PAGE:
Monday, 5 September 1938

This post is part of a series post-blogging the Sudeten crisis of August-October 1938. See here for an introduction to the series, and here for a conclusion. The entire series can be downloaded as an ebook.


So, we're into the second week of the crisis (or rather, the second week for which I have newspaper sources), and as these headlines from The Times indicate (p. 12), the public still doesn't have much idea as to what's going on. Just that there have been lots of meetings over the weekend. The leading article gives a good summary (p. 13):


Discussion of the Czech-German problem in Bohemia has been actively continued during the week-end. LORD RUNCIMAN had a meeting with PRESIDENT BENESH on Saturday, and yesterday MR. ASHTON-GWATKIN conferred with HERR HENLEIN at his home near the German frontier. DR. KUNDT and HERR SEBEKOWSKY, the two other Sudeten leaders, had a four-hour talk with PRESIDENT BENESH on Friday and DR. KUNDT saw DR. HODZA, the Prime Minister, on Saturday.

But, after all that, no news, just more speculation. The leading article in the Manchester Guardian cautions (p. 8) against an optimistic reading of Friday's meeting between Hitler and Henlein, upon the (still unknown) outcome of which so much depends:

There was complete "unanimity." It is natural, so much do we all loathe the idea of war, to interpret a conventional, ambiguous phrase in three soothing propositions: that Henlein is a "moderate" attached to peace, that Hitler agreed with him, and that therefore "moderation" is to be the word. It would be equally just (and more probable) to say that Hitler is an extremist believing in force, that Henlein agreed with him (he had better), and that therefore the outlook is bad.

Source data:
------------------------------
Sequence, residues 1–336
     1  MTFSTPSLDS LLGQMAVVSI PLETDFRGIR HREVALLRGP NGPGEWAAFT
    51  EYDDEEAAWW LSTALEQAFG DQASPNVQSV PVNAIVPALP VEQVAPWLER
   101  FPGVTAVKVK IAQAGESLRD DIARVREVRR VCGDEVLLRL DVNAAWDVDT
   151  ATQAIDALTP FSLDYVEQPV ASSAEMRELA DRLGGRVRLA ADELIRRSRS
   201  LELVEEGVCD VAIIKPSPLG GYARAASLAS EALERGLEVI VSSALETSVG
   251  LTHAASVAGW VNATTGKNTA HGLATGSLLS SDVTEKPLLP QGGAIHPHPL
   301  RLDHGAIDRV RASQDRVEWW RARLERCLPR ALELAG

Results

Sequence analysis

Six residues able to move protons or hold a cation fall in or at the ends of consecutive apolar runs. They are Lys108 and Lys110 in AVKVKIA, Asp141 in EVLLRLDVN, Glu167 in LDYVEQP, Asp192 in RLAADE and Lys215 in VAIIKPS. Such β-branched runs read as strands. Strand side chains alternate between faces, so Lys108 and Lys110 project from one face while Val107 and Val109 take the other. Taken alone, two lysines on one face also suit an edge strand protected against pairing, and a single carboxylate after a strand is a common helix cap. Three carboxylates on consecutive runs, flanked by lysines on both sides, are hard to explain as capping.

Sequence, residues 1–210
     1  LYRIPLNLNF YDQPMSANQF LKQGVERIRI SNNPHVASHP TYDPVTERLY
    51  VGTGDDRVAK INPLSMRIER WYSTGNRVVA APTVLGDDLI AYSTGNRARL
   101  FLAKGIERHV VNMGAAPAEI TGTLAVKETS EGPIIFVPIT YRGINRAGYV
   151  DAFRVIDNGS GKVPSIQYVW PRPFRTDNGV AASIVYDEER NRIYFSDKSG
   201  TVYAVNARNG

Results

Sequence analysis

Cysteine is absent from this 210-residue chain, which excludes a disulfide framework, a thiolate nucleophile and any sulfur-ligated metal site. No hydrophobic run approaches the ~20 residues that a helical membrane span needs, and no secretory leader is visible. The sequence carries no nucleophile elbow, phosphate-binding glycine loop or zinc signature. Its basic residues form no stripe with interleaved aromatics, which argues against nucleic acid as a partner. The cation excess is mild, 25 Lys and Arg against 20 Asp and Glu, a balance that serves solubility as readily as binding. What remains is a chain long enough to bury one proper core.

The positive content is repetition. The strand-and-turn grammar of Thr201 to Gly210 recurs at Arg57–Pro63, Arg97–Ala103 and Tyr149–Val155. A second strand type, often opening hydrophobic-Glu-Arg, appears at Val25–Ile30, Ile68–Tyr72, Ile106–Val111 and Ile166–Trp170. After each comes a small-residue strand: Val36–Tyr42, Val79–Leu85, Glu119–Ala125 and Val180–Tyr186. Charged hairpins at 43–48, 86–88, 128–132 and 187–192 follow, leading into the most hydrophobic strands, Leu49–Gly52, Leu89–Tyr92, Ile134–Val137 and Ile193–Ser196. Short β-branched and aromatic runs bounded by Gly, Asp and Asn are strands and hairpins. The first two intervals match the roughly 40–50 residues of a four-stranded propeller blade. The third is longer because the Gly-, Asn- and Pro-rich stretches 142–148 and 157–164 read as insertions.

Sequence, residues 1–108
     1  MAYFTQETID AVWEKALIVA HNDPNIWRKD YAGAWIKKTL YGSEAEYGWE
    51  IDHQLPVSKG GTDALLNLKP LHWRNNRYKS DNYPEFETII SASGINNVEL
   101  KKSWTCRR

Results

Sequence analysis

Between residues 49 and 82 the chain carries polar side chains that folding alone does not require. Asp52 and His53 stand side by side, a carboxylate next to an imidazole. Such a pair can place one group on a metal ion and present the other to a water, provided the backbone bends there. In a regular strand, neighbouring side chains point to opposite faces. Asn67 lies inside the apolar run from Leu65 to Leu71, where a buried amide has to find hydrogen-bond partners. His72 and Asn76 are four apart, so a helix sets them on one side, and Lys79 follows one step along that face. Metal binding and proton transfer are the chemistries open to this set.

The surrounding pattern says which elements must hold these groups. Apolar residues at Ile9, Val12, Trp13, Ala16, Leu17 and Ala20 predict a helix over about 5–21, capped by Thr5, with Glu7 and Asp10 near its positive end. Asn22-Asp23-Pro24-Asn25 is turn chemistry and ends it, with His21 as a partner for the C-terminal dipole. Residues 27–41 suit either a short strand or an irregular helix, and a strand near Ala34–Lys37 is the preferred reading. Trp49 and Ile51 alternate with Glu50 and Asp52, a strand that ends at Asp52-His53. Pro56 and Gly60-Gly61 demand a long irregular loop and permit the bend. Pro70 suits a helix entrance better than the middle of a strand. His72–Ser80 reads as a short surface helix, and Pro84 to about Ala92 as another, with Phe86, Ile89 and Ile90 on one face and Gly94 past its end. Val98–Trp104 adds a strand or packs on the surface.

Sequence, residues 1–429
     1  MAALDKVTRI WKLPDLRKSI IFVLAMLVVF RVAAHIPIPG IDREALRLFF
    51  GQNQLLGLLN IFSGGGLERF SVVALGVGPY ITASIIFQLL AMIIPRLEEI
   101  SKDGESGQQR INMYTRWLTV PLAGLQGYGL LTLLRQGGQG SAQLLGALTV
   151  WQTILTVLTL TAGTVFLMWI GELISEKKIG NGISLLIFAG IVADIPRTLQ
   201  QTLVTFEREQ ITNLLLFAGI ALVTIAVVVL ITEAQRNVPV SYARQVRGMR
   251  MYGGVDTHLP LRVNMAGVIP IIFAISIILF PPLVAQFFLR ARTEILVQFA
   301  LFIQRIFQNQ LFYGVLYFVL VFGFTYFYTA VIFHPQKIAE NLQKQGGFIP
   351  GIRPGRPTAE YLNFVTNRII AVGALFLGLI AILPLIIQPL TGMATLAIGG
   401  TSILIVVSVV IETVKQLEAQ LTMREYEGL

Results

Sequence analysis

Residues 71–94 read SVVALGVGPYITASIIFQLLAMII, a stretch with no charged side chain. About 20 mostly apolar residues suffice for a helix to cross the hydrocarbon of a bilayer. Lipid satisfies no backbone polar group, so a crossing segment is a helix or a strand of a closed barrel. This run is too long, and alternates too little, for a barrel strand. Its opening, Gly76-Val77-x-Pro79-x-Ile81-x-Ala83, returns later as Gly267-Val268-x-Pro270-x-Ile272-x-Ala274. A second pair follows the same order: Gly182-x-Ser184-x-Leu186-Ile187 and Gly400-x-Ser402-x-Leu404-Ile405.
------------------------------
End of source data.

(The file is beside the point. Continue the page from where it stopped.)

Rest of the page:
I suggested in the previous post that we shouldn't be too hard on those observers who still gave Hitler (and Henlein) the benefit of the doubt, but we see here that there were certainly those who had a lot of doubt. The Manchester Guardian was a liberal paper, not as radical as it had been thirty years earlier, perhaps, but still generally opposed to the use of force (or threats of force) in international affairs.

The other interesting thing today is the opening of the Trades Union Congress at Blackpool. The Manchester Guardian suggests (p. 12) that later in the week, Czechoslovakia will become a major issue, and that the TUC is likely to call for a recall of Parliament, so that Chamberlain can explain what diplomatic steps Britain is taking to resolve the crisis. A taste of unionist anger comes from John Marchbank, General Secretary of the National Union of Railwaymen, addressing a TUC demonstration: